Five Things You May Be Doing That Could Be Hurting Your Addicted Loved One
One of the most difficult things we have to go through in life is to watch a loved one suffer. Whether the pain they are going through is because of their own actions or those of another, we want to step in, solve the problem, and make things better. Sometimes what our loved one really needs is for us to take a step back and let them solve their own problems and take responsibility for their actions and mistakes.
In the case of an addicted loved one, many things people do to help are actually hurting the addict. An addict who has loved ones that are always willing to correct their mistakes or continually help them out when they mess up is not going to experience the consequences of their addiction.
There are certain areas in which family members often feel an obligation to step in and fix problems caused by substance use. If you are wondering how to deal with the addict in your life, below are five things you might be doing to help that could actually be hurting your loved one.
1. Making excuses or lying for them.
It’s so easy to do, and loved ones commonly make excuses for each other, but making excuses for an addict means they do not have to face the consequences of their substance use. Don’t call in to work for them, don’t make excuses as to why they can’t make it to something they’ve committed to, and certainly don’t lie about their addiction. Instead, make your loved one be honest about why they were absent or late, and be open about the problem yourself so that the person can get the help they need. Don’t be ashamed of an addiction or try to hide it, but rather encourage your loved one to face it, the consequences, and get help.
2. Paying bills for them.
Having a drug addiction or alcoholism can be costly. If you as the loved one take over the addict’s important bills because they never seem to have enough money, you are in essence handing them money to buy more drugs. Don’t pay for their personal elements like cell phone, phone plan, car insurance, car, gas, eating out, or clothes. No one wants to see their loved one struggle financially or be without a place to live, but enabling them by paying their bills will not encourage them to change an addiction lifestyle.
If you are fearful they might steal, forge checks, use your credit card without permission, or engage other illegal activities to finance their habit, report that activity to the police. See the next item.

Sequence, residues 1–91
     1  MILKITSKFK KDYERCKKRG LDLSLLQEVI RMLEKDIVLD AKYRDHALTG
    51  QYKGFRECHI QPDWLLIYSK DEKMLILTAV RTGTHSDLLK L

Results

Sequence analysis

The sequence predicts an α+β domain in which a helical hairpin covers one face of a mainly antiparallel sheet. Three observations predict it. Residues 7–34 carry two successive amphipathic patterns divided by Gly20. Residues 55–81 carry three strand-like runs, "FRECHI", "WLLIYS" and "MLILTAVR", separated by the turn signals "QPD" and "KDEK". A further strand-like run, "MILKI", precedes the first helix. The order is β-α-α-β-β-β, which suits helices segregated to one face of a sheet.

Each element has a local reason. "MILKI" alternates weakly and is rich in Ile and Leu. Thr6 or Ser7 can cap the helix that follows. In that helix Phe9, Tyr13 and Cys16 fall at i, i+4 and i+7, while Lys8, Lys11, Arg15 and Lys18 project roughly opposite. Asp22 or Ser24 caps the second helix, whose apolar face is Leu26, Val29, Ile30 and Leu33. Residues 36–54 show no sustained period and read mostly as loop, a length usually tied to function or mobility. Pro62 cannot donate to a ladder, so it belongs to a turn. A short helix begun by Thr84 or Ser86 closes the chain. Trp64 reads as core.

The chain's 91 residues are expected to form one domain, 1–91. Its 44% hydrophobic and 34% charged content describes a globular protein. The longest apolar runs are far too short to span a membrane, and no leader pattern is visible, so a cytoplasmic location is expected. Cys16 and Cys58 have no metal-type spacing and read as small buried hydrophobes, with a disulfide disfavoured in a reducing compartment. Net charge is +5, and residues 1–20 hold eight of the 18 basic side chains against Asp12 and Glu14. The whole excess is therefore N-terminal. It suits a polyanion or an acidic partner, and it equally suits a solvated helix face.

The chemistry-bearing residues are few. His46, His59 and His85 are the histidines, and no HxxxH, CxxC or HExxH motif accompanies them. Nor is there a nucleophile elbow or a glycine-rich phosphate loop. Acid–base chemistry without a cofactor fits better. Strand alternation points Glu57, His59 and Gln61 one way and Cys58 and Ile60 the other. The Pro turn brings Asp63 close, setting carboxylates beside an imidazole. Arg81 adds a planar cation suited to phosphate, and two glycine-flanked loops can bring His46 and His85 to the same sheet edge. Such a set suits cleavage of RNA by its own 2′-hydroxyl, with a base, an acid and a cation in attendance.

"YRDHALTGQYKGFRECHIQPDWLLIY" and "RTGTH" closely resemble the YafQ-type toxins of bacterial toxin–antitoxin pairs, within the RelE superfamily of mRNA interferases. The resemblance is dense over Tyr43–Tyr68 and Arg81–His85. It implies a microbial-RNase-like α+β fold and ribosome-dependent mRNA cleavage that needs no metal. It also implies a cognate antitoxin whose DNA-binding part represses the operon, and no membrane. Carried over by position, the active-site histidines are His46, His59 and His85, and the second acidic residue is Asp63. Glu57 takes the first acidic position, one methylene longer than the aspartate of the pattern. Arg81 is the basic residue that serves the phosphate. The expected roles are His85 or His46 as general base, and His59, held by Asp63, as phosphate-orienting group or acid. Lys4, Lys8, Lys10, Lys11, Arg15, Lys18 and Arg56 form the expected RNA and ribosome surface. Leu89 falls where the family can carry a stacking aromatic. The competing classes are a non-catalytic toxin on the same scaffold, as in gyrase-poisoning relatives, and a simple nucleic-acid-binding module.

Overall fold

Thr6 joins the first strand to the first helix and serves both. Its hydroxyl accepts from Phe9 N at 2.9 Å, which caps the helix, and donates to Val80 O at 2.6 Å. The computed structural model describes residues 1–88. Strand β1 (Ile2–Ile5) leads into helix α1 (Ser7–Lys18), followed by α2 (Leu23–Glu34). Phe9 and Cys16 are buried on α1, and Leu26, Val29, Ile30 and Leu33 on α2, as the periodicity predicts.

3. Not pressing charges or calling the police.
Another area in which families struggle is when the addict breaks the law because of their substance abuse. When the person drinks while under the influence, takes money or credit cards, forges checks, takes a car without permission, has drugs on them or in the house, or uses while underage, they need to experience the punishment for these actions. Most parents don’t want to see their child get in trouble for something that would go on their permanent record at a young age, and other loved ones don’t want to be responsible for someone getting punished by the law. But taking away the negative consequences for substance use will only encourage the person to keep doing what they are doing rather than get help.
4. Not charging them rent.
An adult child who is in college or grad school should be working toward self-sufficiency, and allowing them to live rent-free during these years is asking for trouble. Make your young adult accountable for their spending, teach them how to budget their money, and don’t make it easy for them to spend their money on drugs or alcohol. Paying rent and becoming self-supportive will open their eyes to the realities of life and grow their self-esteem, independence, and self-sufficiency skills.
5. Not pushing them to get a job.
Finally, if you are a parent, it is important for you to teach your child how to be responsible with money, and part of that is having money come in by getting a job. Staying active with a job or extracurricular activities is one of the best ways to keep a teen from using drugs or alcohol in the first place. When a teen is bored and doesn’t have a purpose in life is when they often start experimenting with substances. If your teen isn’t involved in volunteer work, sports, or other extracurriculars, push them to get a job to help fill their time, give them purpose, and discover some of their real talents and interests.
When you enable your loved one’s addiction, they get the idea the addiction isn’t really harmful or dangerous, and assume the high and self-medicating aspects of the addiction outweigh the harm and destructive aspects. Hard as it is, you need to allow the ugly side of addiction to rear its head, so your loved one sees reality as clearly as possible. They will need some kind of “rock bottom” to open their eyes, and your well-intended but enabling actions are just delaying rock bottom and allowing the addiction to get stronger.
The goal with these suggestions isn’t to hit an addict while they’re down. We don’t desire to see a loved one struggle or endure hardships because of bad choices they’ve made, but these suggestions encourage them to get help. Addiction does not go away on its own; it takes determination and strategic support to finally overcome it.